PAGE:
Since very little mixture is needed to lubricate the behind-the-ear areas and temples, the question arises what to do with the rest. Pour the product into a glass bottle or a jar with a lid and leave for the next time. You can store this mixture for several months.

Essential oils are added to the base individually or several at once (not exceeding the recommended dosage). An allergy/intolerance test must be carried out before using the mixture. Dilute the desired number of drops of essential oil in 2 tablespoons of the base. Lubricate the elbow bend with the mixture. If within 12 hours there are no negative reactions (rash, itching, swelling, redness), the essential oil can be used.

Consult your doctor before using essential oils for children or pregnant women! Perhaps, in a particular case, there are contraindications. Bergamot and geranium oils should not be used during pregnancy!

Avoiding stress

There is a myth that is not far from reality: lice start on nervous grounds. There is a grain of truth here. Of course, just from stress, these insects are unlikely to “draw” in your hair out of nowhere. But there are two reasons why it's easier to get head lice when you're stressed.

  • Reduced immunity. And this, as mentioned above, increases the risk of infection with lice.
  • The so-called. "stress hormones": norepinephrine and adrenaline. They have a specific smell, attractive to lice.

Nowadays it is difficult to completely protect yourself from stress and worries. But if possible, try to at least not worry about minor events. Unfortunately, many of us tend to worry about the little things.

Prevention of head lice in children

General measures for the prevention of head lice “work” for children. However, there are additional methods to minimize the risk of infection.

  • Use special anti-lice shampoos. Yes, they can also be used to prevent head lice, but in smaller quantities than for treatment. Wash your child's head with regular shampoo. Then apply no more than 5-7 ml of a special remedy for pediculosis. Lather the shampoo, leave for 15-20 minutes. Then rinse with plenty of running water. For preventive purposes, anti-pediculosis shampoos are used every 2 weeks.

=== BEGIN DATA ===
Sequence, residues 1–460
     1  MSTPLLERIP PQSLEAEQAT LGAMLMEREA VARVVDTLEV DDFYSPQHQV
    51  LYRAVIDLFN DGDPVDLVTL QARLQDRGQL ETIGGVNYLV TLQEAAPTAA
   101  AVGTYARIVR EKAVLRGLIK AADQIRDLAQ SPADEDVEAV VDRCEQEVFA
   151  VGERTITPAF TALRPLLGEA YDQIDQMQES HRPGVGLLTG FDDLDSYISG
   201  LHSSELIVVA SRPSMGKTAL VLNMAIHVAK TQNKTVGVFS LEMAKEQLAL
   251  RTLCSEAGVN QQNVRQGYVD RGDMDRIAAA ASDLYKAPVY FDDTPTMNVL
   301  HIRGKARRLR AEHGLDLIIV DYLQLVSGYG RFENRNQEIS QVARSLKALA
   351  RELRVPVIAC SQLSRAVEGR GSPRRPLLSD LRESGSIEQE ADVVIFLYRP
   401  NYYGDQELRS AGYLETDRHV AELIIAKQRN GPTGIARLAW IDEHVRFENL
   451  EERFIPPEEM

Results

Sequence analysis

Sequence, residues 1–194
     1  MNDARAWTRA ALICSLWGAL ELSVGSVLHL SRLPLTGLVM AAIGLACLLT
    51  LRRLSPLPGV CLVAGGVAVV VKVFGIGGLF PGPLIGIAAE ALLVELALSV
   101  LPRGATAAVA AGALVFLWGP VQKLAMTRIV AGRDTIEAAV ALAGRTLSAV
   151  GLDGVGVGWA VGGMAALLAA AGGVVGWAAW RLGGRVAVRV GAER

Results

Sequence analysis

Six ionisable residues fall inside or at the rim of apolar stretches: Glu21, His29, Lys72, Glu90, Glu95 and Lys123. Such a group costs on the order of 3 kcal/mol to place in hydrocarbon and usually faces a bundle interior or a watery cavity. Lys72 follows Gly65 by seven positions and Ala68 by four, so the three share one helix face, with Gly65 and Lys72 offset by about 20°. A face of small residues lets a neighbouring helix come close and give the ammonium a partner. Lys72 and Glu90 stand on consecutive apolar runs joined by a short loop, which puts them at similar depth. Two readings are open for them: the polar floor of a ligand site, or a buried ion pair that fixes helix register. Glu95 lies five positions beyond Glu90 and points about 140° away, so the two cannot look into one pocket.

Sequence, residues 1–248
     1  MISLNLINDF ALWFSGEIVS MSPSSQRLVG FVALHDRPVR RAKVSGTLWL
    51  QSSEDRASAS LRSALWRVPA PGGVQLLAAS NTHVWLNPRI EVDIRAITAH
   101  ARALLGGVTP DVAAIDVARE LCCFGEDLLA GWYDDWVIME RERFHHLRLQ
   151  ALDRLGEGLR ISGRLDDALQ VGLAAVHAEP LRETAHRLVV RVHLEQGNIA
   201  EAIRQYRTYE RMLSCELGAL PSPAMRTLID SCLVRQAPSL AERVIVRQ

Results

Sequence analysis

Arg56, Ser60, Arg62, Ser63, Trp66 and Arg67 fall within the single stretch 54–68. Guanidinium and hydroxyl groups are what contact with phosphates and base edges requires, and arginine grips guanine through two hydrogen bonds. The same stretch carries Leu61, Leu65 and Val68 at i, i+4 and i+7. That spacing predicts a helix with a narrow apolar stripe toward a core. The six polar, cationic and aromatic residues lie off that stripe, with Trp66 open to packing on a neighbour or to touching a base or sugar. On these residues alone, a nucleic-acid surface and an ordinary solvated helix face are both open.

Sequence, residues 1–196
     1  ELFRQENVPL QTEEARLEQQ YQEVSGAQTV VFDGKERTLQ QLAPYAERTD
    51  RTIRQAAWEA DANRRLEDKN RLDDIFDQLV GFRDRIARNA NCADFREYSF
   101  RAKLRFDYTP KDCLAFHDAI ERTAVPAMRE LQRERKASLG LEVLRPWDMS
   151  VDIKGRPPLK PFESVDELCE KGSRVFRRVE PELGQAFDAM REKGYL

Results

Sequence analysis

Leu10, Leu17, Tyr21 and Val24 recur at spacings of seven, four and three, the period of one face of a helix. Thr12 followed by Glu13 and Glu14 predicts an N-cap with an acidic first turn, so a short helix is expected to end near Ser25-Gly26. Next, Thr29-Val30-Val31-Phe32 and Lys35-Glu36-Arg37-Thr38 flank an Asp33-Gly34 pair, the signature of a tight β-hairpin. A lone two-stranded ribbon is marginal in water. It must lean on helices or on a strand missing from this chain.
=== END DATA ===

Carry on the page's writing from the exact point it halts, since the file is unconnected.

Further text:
• Instead of using chemicals, you can comb your hair with a special comb against lice and nits. This is also done once or twice a week.
  • Get your child a hair conditioner. Many mothers believe that children do not need these funds yet, especially if the child has short hair. However, balms make hair more slippery. It will be much more difficult for lice to "cling" to them. Balms are used only for normal shampooing. After treatment with anti-pediculosis agents, they are not used.
  • Choose the right hairstyles. It's better for a boy to have a short haircut. Girls should carefully collect long hair. It is not as easy for lice to penetrate into a braid or a tight tuft as it is into loose hair.
  • "Lecture" to your child. Tell us why lice are dangerous, how they are transmitted, and what you need to do to avoid infection. Explain that you can not use other people's combs, hairpins, headbands, elastic bands, hats, scarves and give someone your own. Exchanging clothes and even toys is also undesirable.

By following these simple measures, you can protect not only your child, but the whole family from lice. After all, if one of the household becomes infected, the probability of transmitting lice to other family members is very high.

Prevention of pediculosis - how to protect a child from lice at school, kindergarten and at home It is very difficult to save a child from this trouble. Pediculosis can spread just like lightning, and the causative agents of the disease - lice can cause a number of other skin diseases. That is why the importance of pediculosis prevention at home, in kindergarten and school cannot be underestimated.

Pediculosis is a disease caused by parasitism on the human body of blood-sucking insects - lice.

There are 3 types of lice: head, clothes and pubic.